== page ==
Thursday, 19 January 2017

Hatsune Miku: Project DIVA Arcade Future Tone


Niche? Niche? There’s no chance of a Japanese finger-tapping rhythm game being described as niche. Hatsune Miku: Project DIVA Arcade Future Tone is a big deal in the land of the rising sun, and there’s always an ample audience in the west ready for the latest import or localisation. Now, I’m no expert when it comes to the culture, but I was ready to go in with an open mind. The game boils down to choosing from an eclectic mix of J-pop songs, learning the rhythm, and trying to match the commands that pop up on screen with a corresponding button press. 


The gameplay is intuitive enough, although my fingers struggled to match the on screen commands during the first few tries. I got used to it eventually, and found a game that was better than I expected. It’s a port of a popular arcade game, released for the Playstation 4. You’re essentially chasing high scores and perfect taps, and there’s no better way than to settle down and get to know the tracks. As an arcade port, there’s no real story mode, although there are brief cut scenes and interactions before you move onto the next song. 

The game takes place within a virtual world, and you earn Vocaloid Points to spend on a vast array of additional content. There’s heaps of unlockables if you’re in it for the long haul, although I did find my attention began to wane after a few hours of the same thing. If you’re one for extra costumes and hairstyles it’s sure to keep you amused, although the extra content is mostly superficial. Dance Dance for your fingers doesn’t really do it justice, although it does offer a glimpse into just how addictive it can be if you find a couple of tracks that you really like. There’s a total of 224 songs to choose from at the start, allowing you to browse the entire range from the beginning.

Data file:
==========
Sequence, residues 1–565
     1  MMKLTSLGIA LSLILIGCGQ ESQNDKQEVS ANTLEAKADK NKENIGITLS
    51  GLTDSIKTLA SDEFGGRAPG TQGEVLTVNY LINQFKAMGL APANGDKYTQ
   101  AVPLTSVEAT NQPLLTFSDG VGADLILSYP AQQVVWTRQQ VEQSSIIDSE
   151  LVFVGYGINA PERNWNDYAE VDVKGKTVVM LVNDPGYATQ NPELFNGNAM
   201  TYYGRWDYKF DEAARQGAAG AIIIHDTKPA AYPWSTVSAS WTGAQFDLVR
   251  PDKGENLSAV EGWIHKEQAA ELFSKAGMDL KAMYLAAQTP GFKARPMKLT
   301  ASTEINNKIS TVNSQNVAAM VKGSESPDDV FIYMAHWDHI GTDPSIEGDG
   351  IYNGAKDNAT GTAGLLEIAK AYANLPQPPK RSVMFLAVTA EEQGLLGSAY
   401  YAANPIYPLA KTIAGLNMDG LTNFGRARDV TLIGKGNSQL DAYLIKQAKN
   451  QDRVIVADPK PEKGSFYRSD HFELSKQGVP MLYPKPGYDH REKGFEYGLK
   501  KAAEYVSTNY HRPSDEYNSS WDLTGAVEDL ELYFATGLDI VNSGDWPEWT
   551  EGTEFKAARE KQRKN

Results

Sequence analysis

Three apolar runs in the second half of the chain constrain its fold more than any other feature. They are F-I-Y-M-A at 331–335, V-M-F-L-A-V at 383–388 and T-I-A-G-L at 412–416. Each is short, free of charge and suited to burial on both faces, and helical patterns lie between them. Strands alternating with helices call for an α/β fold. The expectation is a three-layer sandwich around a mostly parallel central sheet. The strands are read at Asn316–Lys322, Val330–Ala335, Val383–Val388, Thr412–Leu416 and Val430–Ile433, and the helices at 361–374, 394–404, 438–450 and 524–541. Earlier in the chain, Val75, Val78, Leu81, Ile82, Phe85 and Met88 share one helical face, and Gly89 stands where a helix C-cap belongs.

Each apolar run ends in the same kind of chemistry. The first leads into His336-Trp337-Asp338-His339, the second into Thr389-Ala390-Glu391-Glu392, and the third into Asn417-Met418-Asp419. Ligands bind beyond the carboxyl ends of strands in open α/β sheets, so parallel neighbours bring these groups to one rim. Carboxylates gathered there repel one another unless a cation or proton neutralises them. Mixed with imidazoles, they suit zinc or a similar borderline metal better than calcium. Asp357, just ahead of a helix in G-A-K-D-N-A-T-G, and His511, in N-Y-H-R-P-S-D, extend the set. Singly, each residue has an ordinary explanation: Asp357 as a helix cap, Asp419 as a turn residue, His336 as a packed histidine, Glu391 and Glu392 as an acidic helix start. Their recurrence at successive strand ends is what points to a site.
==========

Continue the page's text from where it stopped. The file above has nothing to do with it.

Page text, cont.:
You can set the game to easy difficulty, although a number of the tracks do have to be played on normal. It’s great that the entire list of songs is ready to be played, although some of the songs are ridiculously hard for new players. That being said, it’s evidently a great challenge for returning gamers, who will be relishing the chance to up the ante with their favourite tracks. (There’s a Practice Mode and a No Fail Mode for beginners, which I did find helpful.)


Fans of the series will need no introduction, although it could be a little too out there if you’re not sure that the game will be right for you. As a newcomer myself, I found it hard to get to grips with the gameplay, and it’s not the most noob-friendly title on the Playstation. In other words, it helps if you already like the music or the series. It wasn’t my cup of tea, but I can still recognise why people will enjoy the game. It’s sure to warm the cockles for those who were patiently waiting for the port to arrive, and there’s potentially hundreds of hours of gameplay if you want to master the tracks.


Final Verdict: Hatsune Miku: Project Fan Service 4/5 


★★★★☆

James Milin-Ashmore


Hatsune Miku: Project Diva at CeX




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